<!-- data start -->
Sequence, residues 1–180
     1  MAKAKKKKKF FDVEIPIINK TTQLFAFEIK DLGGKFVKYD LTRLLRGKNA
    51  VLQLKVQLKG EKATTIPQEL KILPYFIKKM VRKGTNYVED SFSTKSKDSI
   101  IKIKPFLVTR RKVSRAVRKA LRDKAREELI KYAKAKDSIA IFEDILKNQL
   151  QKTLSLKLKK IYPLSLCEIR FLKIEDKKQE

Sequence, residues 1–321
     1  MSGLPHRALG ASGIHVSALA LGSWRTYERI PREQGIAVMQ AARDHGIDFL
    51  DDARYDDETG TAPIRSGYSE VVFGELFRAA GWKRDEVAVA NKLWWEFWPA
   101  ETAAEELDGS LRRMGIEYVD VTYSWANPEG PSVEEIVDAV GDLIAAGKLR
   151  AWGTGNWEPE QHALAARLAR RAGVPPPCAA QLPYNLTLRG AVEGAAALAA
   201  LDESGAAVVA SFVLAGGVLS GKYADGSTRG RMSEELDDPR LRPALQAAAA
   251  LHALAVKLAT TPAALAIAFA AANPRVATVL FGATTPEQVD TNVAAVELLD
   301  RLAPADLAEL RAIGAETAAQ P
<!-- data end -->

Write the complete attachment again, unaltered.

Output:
Sequence, residues 1–180
     1  MAKAKKKKKF FDVEIPIINK TTQLFAFEIK DLGGKFVKYD LTRLLRGKNA
    51  VLQLKVQLKG EKATTIPQEL KILPYFIKKM VRKGTNYVED SFSTKSKDSI
   101  IKIKPFLVTR RKVSRAVRKA LRDKAREELI KYAKAKDSIA IFEDILKNQL
   151  QKTLSLKLKK IYPLSLCEIR FLKIEDKKQE

Sequence, residues 1–321
     1  MSGLPHRALG ASGIHVSALA LGSWRTYERI PREQGIAVMQ AARDHGIDFL
    51  DDARYDDETG TAPIRSGYSE VVFGELFRAA GWKRDEVAVA NKLWWEFWPA
   101  ETAAEELDGS LRRMGIEYVD VTYSWANPEG PSVEEIVDAV GDLIAAGKLR
   151  AWGTGNWEPE QHALAARLAR RAGVPPPCAA QLPYNLTLRG AVEGAAALAA
   201  LDESGAAVVA SFVLAGGVLS GKYADGSTRG RMSEELDDPR LRPALQAAAA
   251  LHALAVKLAT TPAALAIAFA AANPRVATVL FGATTPEQVD TNVAAVELLD
   301  RLAPADLAEL RAIGAETAAQ P